British Sky Tours

                  

THE MIGHTY EIGHTH

 

 

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When war broke out in September 1939 there were only 15 active military airfields and 5 satellite landing grounds in East Anglia, that ear-shaped bulge of flat land into the North Sea. By May 1945 there were 107 airfields and although most are long ploughed over the region remains the busiest for military flying in Britain. Despite the end of the Cold War aircraft of the USAF remain a familiar sight in the wide coastal sky.

Once those runways throbbed to dozens of B 17s - today the sheds along the old runways are home for several thousand chickens.

Relatives of wartime aircrew, enthusiasts and tourists spend hours trying to find these abandoned fields. A few are looked after by conservation groups, often local farmers, who have turned the old control towers into museums and offer a warm welcome to visitors from across the Atlantic. Most are hard to find on the ground. Sometimes a whole day is consumed just to find a single airfield and then it's not easy to gain access and walk on the concrete runways.

Many wartime airfields provide homes for private flying clubs - both the clubs we visit keep half the original main runway built for B 17s in excellent condition and visitors from across the 'pond' are warmly welcomed.

The best way to understand the effort and sacrifice involved is from the air. For practised eyes most - though not all - the old Eighth USAAF bases are comparatively straight forward to pick out with their distinctive T bone steak perimeter tracks crossed by the remains of massive runways. Flying at low altitude you soon realise that the whole of East Anglia was once a gigantic airbase - the legendary unsinkable aircraft carrier anchored off continental Europe.

What's more, it's amazing how much you can see in a day. We land at two or three airfields. You savour the atmosphere and enjoy some beautiful landscapes. This part of England is known as Constable country after the famous nineteenth century artist. 

 

Film star airborne - the last flying B 17 in the British Isles along with many other veteran aircraft are all displayed at the Imperial war Museum, Duxford, just outside Cambridge. We drop into Duxford, once the RAF's first Spitfire base, as part of our tour.

The first American B17 bombers and P38 fighters with their crews arrived in Britain during July 1942. By summer of 1944 the Eighth Air Force had grown to become the biggest military air fleet ever seen with 122 bases, 200,000 personnel, 2,000 four engine bombers and 1,000 fighters.

The heavy bombardment groups were split into three air divisions. The 1st Air Division's bases spread across Cambridgeshire and Northamptonshire. Their aircraft were identified by a triangle on the tail. The 2nd Air Division was mainly based in Norfolk and predominantly flew B24 Liberators wearing a circle identification on their tails. The 3rd Air Division flew B17 Flying Fortresses out of bases across Suffolk, but included some B17 bases in the next door county, Norfolk. Some 3rd Air Division units spent brief periods flying B24's. The Division's identification was a square on the tail.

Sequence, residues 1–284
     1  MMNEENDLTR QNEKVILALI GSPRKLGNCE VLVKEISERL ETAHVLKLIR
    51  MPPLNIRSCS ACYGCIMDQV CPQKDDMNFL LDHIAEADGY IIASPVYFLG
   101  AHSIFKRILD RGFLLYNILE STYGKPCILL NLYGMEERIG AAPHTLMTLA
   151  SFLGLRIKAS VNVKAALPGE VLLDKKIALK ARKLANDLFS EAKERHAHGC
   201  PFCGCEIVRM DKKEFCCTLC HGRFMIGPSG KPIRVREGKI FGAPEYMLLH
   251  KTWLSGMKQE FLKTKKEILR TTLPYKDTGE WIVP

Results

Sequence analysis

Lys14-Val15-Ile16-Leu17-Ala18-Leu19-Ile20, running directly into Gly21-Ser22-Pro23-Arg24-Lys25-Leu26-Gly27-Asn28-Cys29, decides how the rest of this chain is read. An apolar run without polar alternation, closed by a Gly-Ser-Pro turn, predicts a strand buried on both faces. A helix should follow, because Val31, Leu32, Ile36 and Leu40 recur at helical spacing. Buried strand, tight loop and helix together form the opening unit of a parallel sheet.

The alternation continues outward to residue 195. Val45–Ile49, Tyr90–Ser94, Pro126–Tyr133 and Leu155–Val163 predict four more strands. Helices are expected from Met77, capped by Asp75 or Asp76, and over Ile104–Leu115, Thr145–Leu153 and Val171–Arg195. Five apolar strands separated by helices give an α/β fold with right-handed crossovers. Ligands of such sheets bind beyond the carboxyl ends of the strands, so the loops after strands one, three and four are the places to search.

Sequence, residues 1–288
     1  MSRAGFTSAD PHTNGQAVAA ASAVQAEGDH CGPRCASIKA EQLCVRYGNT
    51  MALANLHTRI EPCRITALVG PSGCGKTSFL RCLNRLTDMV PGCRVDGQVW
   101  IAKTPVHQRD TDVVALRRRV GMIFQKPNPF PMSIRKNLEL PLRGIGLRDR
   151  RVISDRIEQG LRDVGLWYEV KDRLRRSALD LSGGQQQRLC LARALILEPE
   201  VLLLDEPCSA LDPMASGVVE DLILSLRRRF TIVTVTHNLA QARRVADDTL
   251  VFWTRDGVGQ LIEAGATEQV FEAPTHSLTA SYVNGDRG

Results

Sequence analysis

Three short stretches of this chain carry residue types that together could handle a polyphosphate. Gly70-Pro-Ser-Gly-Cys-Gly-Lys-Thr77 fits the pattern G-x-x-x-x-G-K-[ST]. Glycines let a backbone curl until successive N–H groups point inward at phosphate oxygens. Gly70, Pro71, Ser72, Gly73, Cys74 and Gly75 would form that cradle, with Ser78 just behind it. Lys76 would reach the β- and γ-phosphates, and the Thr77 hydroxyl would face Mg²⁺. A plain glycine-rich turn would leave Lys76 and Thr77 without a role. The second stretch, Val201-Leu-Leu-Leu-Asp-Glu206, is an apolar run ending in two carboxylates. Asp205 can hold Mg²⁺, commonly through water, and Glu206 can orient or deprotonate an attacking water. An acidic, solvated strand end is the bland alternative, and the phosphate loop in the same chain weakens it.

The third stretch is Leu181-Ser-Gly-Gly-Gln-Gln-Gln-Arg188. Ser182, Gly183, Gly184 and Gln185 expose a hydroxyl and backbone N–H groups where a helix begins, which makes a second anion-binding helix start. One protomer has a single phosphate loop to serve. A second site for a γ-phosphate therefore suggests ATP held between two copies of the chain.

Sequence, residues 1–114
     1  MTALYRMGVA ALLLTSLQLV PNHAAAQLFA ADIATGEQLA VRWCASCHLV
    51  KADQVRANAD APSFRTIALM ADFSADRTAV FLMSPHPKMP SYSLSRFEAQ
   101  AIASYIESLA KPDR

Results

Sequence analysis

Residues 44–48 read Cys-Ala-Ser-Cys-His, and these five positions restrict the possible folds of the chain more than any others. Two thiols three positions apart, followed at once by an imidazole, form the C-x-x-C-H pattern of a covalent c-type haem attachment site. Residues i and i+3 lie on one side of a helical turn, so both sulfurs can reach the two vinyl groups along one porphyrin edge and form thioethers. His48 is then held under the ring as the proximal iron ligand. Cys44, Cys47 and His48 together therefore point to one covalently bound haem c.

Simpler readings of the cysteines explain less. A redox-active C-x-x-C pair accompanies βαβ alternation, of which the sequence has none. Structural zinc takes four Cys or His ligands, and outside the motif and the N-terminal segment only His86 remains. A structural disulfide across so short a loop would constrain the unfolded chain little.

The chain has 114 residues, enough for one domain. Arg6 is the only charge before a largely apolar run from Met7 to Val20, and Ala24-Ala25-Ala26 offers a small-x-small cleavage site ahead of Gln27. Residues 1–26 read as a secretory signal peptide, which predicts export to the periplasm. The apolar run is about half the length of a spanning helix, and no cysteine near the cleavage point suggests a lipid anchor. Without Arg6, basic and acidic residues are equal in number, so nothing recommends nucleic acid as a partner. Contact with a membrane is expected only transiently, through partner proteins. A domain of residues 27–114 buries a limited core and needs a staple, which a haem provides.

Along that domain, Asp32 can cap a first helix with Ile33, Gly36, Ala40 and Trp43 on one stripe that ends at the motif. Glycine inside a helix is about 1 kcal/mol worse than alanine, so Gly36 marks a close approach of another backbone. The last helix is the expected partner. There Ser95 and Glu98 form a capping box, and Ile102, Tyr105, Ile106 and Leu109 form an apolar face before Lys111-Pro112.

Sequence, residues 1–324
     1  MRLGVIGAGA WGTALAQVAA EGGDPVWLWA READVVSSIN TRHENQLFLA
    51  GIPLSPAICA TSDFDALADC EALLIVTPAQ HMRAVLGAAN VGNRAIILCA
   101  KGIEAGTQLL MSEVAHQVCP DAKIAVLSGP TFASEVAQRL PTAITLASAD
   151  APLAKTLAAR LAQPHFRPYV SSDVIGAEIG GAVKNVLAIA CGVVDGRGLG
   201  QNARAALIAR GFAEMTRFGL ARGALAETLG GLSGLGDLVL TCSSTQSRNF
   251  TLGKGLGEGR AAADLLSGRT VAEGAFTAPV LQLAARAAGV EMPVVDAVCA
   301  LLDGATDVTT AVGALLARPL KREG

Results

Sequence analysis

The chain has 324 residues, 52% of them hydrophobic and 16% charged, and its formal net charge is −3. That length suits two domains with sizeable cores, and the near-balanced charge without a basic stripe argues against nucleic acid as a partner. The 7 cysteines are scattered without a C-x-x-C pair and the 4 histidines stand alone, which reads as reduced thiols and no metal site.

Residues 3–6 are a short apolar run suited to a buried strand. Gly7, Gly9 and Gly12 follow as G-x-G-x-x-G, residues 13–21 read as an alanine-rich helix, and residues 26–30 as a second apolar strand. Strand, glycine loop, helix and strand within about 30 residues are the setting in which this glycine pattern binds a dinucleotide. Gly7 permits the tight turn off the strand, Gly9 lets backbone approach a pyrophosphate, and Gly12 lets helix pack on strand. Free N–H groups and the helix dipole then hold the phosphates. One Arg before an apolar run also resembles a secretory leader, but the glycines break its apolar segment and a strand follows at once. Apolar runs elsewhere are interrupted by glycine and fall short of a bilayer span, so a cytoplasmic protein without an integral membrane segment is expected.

At the peak over 5000 flights a day were taking place and the RAF and USAAF each normally had 2000 heavy bombers on readiness every day. For all too many of these aircrew the flat grain fields of Eastern England was the last friendly landscape they saw in brief lives. Some 47,000 casualties were suffered by the 8th Air Force of whom 26,000 lost their lives. Another 28,000 became prisoners of war. Over 5000 aircraft were lost against 11,000 victories and nearly 700,000 tons of bombs dropped during 440,000 sorties. Seventeen members of the 8th Air Force won the Medal of Honor.

Madingley American Cemetery near Cambridge adorned with flowers and flags early on a summer morning after devoted work by American boy and girl scouts living in England. The cemetery is resting place for 3800 young Americans, mostly USAAF aircrew, and on a wall are recorded a further 5000 young Americans, mainly aircrew though some lost serving at sea, who have no known grave.

Adrian's family kept in touch for many years with the families of the crew of his cousin's Lancaster bomber - most of them Canadian - who were lost during June 1944.

Throughout the Cold War these same airfields once more served as the frontline of the free world.

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On the way you will see places of great historical interest. Tilbury Fort built by Henry VIII where his daughter, Elizabeth the First gave her famous speech, rallying her small army in 1588 when the Spanish Armada prepared to embark Parma's many thousands of troops at Gravelines and invade England. At that moment she did not know that the Royal Navy and a gale would save her defiant protestant kingdom. This same stretch of the Thames would serve as a navigation aid when on 7 September 1940 over 1000 bombers and fighters of Goering's Luftwaffe attacked London in broad daylight.

 

 

 

 

                                                                                                       Framlingham, Suffolk, with its famous castle and church.

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